Correct metadata is essential for every automation solution. When I started working with BIML I used one table that describes the source to target table mapping. (see the “Creating a Meta Data Driven SSIS Solution with BIML” series)
And that works fine in most simple scenarios like importing staging tables or when you are able to move business rules to a view. Key in these simple scenarios is that the columns in your target table have the same name and the same data type.
Extending the metadata model
In more recent assignments I added a column mapping table and used T-SQL to simplify the BIML script. With this approach I created more robust SSIS packages that provided extra possibilities, like:
- Incremental load patterns
- Converting data types
- Surrogate key lookups
- Expressions to calculate new values
A problem with this approach however is maintaining these column mappings. So I decided to take Visual Studio LightSwitch for a spin and create a simple application to fulfill my maintenance needs.
Visual Studio LightSwitch is a rapid application development (RAD) tool that is used to help write data-centric line of business (LOB) applications. An import prerequisite of LightSwitch is that you need to have a data model or construct one using the LigthSwitch GUI. Based on this data model you can easily define a set of screens and your application is done. So: No coding necessary. (although coding is possible to extend the standard functionality)
For my data model I decided to add two additional tables:
From a BIML perspective the ETLJob table is primarily used to create the master package with Execute Package and Execute SQL tasks. An ETLJob can be either:
- A generated package (with one or more table mappings)
- A manual package or a
- SQL Statement
So I ended up with the following model:
The SQL DDL Statements to create this model:
CREATE SCHEMA meta
CREATE TABLE meta.Connection
ConnectionID INT IDENTITY NOT NULL PRIMARY KEY
, ConnectionName VARCHAR(64) NOT NULL
, ConnectionType VARCHAR(20) NOT NULL
, ConnectionString VARCHAR(256) NOT NULL
, CreateInProject BIT NOT NULL DEFAULT(0)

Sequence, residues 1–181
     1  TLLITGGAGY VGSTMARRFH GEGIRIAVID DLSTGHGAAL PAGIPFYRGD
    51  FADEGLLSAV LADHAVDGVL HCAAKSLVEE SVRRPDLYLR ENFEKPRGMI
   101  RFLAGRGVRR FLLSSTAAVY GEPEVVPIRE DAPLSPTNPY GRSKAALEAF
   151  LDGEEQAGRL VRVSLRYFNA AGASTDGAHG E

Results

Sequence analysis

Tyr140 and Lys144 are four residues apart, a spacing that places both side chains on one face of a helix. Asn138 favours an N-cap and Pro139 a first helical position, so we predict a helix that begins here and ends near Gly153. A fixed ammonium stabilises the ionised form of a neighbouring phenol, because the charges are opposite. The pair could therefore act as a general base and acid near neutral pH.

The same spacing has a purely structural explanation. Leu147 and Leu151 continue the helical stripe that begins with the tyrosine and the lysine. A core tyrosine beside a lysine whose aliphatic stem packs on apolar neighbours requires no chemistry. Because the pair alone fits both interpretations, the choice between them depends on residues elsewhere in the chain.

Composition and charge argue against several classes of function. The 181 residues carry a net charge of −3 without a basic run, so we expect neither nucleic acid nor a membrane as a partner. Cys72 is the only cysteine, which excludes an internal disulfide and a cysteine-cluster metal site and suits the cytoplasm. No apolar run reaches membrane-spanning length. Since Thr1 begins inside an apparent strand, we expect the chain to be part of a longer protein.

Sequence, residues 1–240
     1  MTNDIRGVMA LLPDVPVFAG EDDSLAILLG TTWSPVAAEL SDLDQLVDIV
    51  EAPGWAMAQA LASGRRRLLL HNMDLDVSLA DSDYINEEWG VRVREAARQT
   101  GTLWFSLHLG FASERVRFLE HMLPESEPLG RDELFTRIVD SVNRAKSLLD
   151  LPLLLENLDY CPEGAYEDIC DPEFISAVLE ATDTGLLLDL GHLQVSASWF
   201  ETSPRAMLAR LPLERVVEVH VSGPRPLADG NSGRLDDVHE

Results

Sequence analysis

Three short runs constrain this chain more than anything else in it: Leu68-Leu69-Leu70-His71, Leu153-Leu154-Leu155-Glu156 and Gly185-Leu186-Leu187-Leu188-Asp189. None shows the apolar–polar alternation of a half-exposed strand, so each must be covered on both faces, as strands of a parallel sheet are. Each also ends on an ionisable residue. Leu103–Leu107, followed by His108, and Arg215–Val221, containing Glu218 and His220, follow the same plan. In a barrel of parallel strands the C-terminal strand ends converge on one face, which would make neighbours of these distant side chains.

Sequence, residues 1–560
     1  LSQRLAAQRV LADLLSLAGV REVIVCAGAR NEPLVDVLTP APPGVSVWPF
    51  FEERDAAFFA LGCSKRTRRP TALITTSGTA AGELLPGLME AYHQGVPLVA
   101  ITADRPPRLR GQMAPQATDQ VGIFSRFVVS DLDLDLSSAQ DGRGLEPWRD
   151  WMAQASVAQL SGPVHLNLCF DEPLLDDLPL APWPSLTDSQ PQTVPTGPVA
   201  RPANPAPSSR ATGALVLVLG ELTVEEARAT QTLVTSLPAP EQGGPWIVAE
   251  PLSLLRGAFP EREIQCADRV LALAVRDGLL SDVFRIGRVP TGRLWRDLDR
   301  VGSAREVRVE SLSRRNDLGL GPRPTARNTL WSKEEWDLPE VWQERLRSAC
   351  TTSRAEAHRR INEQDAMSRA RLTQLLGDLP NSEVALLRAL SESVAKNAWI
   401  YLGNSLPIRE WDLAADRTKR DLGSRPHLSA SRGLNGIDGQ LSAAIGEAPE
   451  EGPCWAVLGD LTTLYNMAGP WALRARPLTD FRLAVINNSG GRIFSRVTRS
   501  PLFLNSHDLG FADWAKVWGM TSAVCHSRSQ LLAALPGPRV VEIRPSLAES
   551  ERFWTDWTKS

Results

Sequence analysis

, DelayValidation BIT NOT NULL DEFAULT(1)
CREATE TABLE meta.ETLJob
ETLJobID INT IDENTITY NOT NULL PRIMARY KEY
, ETLJobName VARCHAR(64) NOT NULL
, ETLJobType VARCHAR(20) NOT NULL
, ETLJobGroup VARCHAR(64)
, SQLConnection INT
, SQLStatement VARCHAR(512)
CREATE TABLE meta.TableMapping
TableMappingID INT IDENTITY NOT NULL PRIMARY KEY
, ETLJOB INT NOT NULL
, TableName VARCHAR(64)
, TableType VARCHAR(20)
, TableConnection INT NOT NULL
, TableSchema VARCHAR(64)
, SourceConnection INT
, SourceObject VARCHAR(256)
CREATE TABLE meta.ColumnMapping
ColumnMappingID INT IDENTITY NOT NULL PRIMARY KEY
, TableMapping INT NOT NULL
, ColumnName VARCHAR(64) NOT NULL
, ColumnType VARCHAR(20) NOT NULL
, ColumnDataType VARCHAR(20) NOT NULL
, SourceColumnName VARCHAR(64)
, SourceColumnDataType VARCHAR(20)
, Calculation VARCHAR(256)
, LookupConnection INT
, LookupObject VARCHAR(256)
, InputColumnName VARCHAR(64)
, InputColumnDataType VARCHAR(20)
, OutputColumnName VARCHAR(64)
Importing the data model in LightSwitch
To import this data model you only need 6 steps:
- Create a new database. (I named it MetaBase) and execute the afore mentioned DDL Statements to create the objects and relations.
- In Visual Studio create a New Project. Select LightSwitch as template and choose LightSwitch Application (Visual C#). Give the project a name (I used Metabase) and click OK.
- In the next screen click Attach to External Data Source.
- In the Attach Data Source Wizard form select Database and click next.
- In the Connection Properties window enter the server name\instance and Select the database you created in step 1. Click OK.
- Check Tables and use the default name in Specify the name of the data source in the Choose your Database Objects step. Click Finish.
You have imported the data model into LightSwitch.
Changing the data model
When you look at the LightSwitch designer in your data model you will notice LightSwitch made some small name changes, describing the relations. Do not try to correct these. Instead change the display name in the properties window. As I did for the source connection in this screenshot.
Creating the screens
Creating screens is even easier than creating the data model.
- Right-Click Screens in Solution Explorer and choose Add Screen ..
- In the Add New Screen dialog select Details Screen as template. Select MetaBaseData.ETLJob as Screen Data and check ETLJob TableMapping. Click OK.
- After I created the screen I made some small changes in the designer: Moved some fields up or down by dragging and dropping and changed the number of Lines in the SQL Statement field from 1 to 3.
I repeated steps 1 and 2 to create additional screens:
|Search Data Screen||Connections|
|Search Data Screen||ETLJobs|
|Search Data Screen||TableMappings|
|New Data Screen||Connections|
|New Data Screen||ETLJobs 2)|
|New Data Screen||TableMappings 1)|
|Details Screen||TableMappings 1)|
1) Add ColumnMappings under Additional data to include
2) Add TableMappings under Additional data to include
Navigation, Shell and Theme
Right-Click Screens en select Edit Screen navigation from the context menu. Change the screen navigation to the following image:
Choose General Properties and change the Shell to LightSwitch Standard Shell and the Theme to LightSwitch Blue Theme.
With Visual Studio LightSwitch you can easily create an application to maintain the meta data for your BIML solution. You create a normalized data model. Import it in LightSwitch and start adding screens. And if you like BIML you’ll probably like LightSwitch as well: Both make it easier to program your solution.
An additional advantage of storing the meta data in separate tables and creating an application to maintain that data is that you have a great overview of your data lineage and up to date documentation. Here are some screenshots of the application with data.